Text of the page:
Builders are struggling right now to put up entry-level homes at a reasonable price. The high costs of land, labor, materials, and regulation make building low-cost homes less lucrative for developers, shifting the market towards rental properties and apartment communities.
With the current migration to the suburbs, renters are looking for additional space and a neighborhood feel, but many cannot afford a home. As more people are leaving apartments and urban centers, banks are starting to jump on horizontal multifamily development.
Rising construction costs for single-family homes plus increased demand for suburban rentals is inspiring a new trend: horizontal apartments.
Horizontal apartments are rental housing with high-end amenities built on small lots as single-family homes with on-site property management handling maintenance on all units.
This could be the future of multi-housing rentals!
Horizontal housing developments typically have 100 or more rental homes closely grouped in suburban areas near larger metros. A horizontal multifamily development has multiple units on the same property. In some cases, the units share common walls; in others, they are separate buildings. The units generally share some amenities, like a pool or laundry room.
Horizontal multifamily projects offer an experience that feels closer to homeownership.
- Horizontal apartments let renters have the best of both worlds: property maintenance and communal amenities plus the feel of a private home.
- For individual property investors, it can be easier to finance a horizontal multifamily project than a group of single-family homes even if they are in the same neighborhood.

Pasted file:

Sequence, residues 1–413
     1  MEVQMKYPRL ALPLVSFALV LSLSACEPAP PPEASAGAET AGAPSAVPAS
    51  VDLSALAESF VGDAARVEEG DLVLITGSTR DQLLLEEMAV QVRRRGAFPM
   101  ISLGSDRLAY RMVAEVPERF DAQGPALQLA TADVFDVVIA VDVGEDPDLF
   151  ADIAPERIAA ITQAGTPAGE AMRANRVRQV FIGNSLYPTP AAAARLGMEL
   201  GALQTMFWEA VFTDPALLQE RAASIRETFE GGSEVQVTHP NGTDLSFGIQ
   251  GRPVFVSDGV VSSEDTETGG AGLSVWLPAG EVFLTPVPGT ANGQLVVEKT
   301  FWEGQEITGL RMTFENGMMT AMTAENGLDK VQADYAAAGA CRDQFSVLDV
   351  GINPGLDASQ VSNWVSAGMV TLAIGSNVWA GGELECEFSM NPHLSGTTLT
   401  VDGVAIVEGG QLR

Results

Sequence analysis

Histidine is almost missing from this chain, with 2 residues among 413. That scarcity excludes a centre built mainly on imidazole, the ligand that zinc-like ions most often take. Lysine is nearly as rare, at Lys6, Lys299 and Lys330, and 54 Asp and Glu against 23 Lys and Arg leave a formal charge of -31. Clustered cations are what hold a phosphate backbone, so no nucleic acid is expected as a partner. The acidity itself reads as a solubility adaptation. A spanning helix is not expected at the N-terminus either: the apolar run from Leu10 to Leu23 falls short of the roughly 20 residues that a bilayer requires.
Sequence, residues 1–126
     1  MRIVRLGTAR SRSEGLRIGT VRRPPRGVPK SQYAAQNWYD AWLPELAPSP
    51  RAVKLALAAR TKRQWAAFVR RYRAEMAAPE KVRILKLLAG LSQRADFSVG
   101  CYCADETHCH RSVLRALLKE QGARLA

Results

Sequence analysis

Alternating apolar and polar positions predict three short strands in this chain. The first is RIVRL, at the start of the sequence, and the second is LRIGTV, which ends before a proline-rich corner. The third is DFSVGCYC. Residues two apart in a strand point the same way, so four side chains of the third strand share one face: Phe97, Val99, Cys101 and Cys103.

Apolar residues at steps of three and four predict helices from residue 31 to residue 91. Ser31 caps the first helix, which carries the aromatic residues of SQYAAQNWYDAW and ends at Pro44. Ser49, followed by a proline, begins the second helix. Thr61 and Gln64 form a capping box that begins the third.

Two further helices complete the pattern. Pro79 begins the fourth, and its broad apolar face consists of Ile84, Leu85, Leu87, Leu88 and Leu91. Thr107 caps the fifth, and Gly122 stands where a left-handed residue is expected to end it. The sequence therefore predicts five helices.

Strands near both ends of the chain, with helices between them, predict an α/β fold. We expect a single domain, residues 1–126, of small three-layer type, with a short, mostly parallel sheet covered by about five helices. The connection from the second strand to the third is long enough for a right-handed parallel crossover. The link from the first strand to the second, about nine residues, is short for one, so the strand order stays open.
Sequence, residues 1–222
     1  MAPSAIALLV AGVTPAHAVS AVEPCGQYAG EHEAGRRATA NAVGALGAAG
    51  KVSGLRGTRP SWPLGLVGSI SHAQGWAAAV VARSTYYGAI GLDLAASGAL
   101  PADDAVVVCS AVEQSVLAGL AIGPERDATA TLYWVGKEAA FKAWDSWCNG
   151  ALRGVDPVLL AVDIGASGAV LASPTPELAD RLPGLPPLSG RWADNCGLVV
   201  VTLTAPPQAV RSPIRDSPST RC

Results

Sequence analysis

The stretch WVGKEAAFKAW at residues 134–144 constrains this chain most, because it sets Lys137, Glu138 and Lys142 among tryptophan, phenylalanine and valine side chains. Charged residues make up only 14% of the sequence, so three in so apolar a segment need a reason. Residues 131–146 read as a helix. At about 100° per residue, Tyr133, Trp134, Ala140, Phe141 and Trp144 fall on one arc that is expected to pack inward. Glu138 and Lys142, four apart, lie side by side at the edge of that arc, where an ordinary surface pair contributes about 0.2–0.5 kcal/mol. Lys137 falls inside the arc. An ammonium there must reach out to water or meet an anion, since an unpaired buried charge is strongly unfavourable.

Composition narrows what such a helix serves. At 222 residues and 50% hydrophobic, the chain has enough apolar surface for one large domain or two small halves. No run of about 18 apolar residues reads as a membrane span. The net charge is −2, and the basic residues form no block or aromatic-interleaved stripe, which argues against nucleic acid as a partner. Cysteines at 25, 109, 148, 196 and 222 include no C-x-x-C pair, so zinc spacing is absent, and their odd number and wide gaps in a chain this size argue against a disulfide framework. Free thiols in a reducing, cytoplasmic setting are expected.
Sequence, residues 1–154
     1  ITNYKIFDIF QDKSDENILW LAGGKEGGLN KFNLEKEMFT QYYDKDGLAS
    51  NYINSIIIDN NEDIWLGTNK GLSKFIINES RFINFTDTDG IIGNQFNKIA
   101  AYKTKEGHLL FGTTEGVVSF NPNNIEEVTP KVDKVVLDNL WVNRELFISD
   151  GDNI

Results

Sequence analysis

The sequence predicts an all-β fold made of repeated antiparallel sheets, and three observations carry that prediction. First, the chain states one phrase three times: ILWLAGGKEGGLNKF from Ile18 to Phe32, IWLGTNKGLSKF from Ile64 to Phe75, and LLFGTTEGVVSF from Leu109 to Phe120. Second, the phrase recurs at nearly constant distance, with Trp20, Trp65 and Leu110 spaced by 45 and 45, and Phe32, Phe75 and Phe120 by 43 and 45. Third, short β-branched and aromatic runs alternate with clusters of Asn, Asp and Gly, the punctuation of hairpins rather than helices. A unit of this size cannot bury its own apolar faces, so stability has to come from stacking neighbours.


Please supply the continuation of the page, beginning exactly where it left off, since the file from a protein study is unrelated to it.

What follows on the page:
- From an investor standpoint, the return potential is quite strong because of significantly lower construction costs to build horizontal apartments while attaining about 12 to 16 units per acre.
Build-to-Rent: The Evolution of The Trend
Horizontal apartments follow the build-to-rent (BTR) real estate model where builders construct housing intended for use as a rental property. Some build-to-rent companies construct individual units, while others build entire rental communities. In either case, the basic process and motivation remain the same.
Build-to-Rent takes the best aspects of single-family homes and upgrades the experience by developing all homes inside a professionally managed community. These BTR properties aren’t just low-density multifamily properties, they are similar to traditional, gated residential neighborhoods with great community amenities–swimming pools, tennis courts, dog parks–and professional management.
Horizontal multifamily buildings tend to be popular in places where there’s potential to acquire more land. Right now, people are moving away from large coastal cities and into the suburbs, which dovetails nicely with this trend.
Sales of new single-family houses in January 2021 were at a seasonally adjusted annual rate of 923,000, according to estimates released jointly this month by the U.S. Census Bureau and the Department of Housing and Urban Development. This is 4.3 percent (±18.1 percent) above the revised December rate of 885,000 and is 19.3 percent (±19.5 percent) above the January 2020 estimate of 774,000.
The cost of building a horizontal rental property makes it a nice option given the current high cost of construction materials and labor. Homebuilding costs $100 to $200 per square foot with the average landing right around $150 per square foot. The price you will ultimately pay is based on the location of the property, the size and footprint of the house, and the quality of the finishes and products you select.
Developers need design partners who understand how to create an efficient and high-quality living space with affordable construction options using industrialized construction methods. With experience all over the country, our designers will help you achieve your project’s goals.
We are helping clients build these types of communities for under $100/sqft.
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